Forty-one percent of blacks and non-white Hispanics say that they are treated equally. An additional five percent volunteered that "it depends," while the rest say they don't know. Zero percent of blacks and non-white Hispanics say they are treated better than whites by police.
An important note: The sample size of blacks and non-white Hispanics in this survey is relatively small, and the margin of error for the subset is 10 percentage points. By contrast, the margin of error for whites and the total sample is three points.
Whites are more likely to say police treat both groups the same, the poll finds. Forty-nine percent of whites believe there is equal treatment, while 34 percent say blacks and non-white Hispanics are treated worse than they are. Three percent of whites say blacks and non-white Hispanics receive better treatment from police than they do.
Less than one in five Americans overall – 18 percent – says they have been discriminated against by police because of their race or ethnicity. But the percentage of blacks and non-white Hispanics who say police have discriminated against them because of race or ethnicity is far higher – 52 percent.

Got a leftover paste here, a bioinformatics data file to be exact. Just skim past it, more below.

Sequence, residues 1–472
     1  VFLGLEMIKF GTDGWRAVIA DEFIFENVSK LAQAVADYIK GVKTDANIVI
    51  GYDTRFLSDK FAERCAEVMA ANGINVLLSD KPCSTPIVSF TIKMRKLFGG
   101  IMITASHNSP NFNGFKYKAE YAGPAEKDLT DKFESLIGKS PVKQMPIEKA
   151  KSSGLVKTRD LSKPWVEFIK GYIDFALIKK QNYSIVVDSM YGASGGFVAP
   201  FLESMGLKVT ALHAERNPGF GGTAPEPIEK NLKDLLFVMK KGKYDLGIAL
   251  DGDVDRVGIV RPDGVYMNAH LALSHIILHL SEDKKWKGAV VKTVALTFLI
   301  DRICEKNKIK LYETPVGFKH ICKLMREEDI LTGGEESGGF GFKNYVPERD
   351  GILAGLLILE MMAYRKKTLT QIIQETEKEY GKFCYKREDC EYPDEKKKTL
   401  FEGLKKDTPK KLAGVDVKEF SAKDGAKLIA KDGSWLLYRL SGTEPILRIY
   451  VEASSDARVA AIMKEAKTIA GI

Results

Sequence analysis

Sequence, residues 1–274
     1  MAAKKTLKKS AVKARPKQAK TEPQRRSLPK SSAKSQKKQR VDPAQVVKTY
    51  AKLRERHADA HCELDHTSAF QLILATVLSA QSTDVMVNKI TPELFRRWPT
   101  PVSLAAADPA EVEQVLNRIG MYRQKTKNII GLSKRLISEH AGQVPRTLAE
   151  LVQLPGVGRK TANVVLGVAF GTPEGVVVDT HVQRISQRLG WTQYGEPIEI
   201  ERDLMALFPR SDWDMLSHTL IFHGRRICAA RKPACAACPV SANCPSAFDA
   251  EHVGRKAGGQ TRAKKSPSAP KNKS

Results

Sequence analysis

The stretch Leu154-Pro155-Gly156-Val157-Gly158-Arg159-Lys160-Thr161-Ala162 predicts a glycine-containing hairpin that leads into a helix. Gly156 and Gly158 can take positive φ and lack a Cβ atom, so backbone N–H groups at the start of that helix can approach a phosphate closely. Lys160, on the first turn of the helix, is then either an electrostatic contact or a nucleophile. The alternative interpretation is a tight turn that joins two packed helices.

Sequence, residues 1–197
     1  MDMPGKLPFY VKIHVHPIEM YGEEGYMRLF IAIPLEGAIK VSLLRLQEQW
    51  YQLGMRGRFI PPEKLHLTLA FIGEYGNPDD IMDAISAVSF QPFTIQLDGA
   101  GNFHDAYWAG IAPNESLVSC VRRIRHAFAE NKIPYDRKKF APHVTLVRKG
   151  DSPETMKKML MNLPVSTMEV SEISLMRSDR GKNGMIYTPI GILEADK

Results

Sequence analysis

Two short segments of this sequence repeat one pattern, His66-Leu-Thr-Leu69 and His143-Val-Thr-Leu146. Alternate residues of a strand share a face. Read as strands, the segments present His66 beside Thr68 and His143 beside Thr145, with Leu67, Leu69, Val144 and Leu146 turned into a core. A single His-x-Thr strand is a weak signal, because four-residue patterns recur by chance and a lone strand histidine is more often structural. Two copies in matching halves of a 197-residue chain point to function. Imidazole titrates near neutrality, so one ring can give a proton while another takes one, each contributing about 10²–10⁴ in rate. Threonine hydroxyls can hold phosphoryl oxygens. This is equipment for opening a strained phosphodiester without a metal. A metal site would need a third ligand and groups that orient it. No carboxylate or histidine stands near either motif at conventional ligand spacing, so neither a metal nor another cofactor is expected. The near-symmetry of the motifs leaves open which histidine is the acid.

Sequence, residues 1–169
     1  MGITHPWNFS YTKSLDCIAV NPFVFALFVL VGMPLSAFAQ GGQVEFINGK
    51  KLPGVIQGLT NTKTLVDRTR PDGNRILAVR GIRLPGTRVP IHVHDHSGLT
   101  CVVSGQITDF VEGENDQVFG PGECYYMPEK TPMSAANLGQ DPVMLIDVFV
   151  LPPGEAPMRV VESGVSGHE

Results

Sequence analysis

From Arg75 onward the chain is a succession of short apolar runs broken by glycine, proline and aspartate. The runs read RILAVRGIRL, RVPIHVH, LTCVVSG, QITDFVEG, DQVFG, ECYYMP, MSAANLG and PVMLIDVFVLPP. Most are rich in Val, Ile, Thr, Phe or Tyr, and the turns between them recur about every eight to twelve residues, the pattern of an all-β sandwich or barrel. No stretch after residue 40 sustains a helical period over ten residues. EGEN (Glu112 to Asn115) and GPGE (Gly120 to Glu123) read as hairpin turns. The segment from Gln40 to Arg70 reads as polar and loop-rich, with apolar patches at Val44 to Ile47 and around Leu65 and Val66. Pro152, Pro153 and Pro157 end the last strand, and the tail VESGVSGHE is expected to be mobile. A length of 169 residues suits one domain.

Only eight percent of whites say they have been discriminated against by police because of their race or ethnicity. Ninety-one percent say they have not been subject to such discrimination.
More from the CBS News poll released Wednesday:
This poll was conducted among a random sample of 1050 adults nationwide, interviewed by telephone July 24-28, 2009. Phone numbers were dialed from random digit dial samples of both standard land-line and cell phones. The error due to sampling for results based on the entire sample could be plus or minus three percentage points. The error for subgroups is higher.
This poll release conforms to the Standards of Disclosure of the National Council on Public Polls.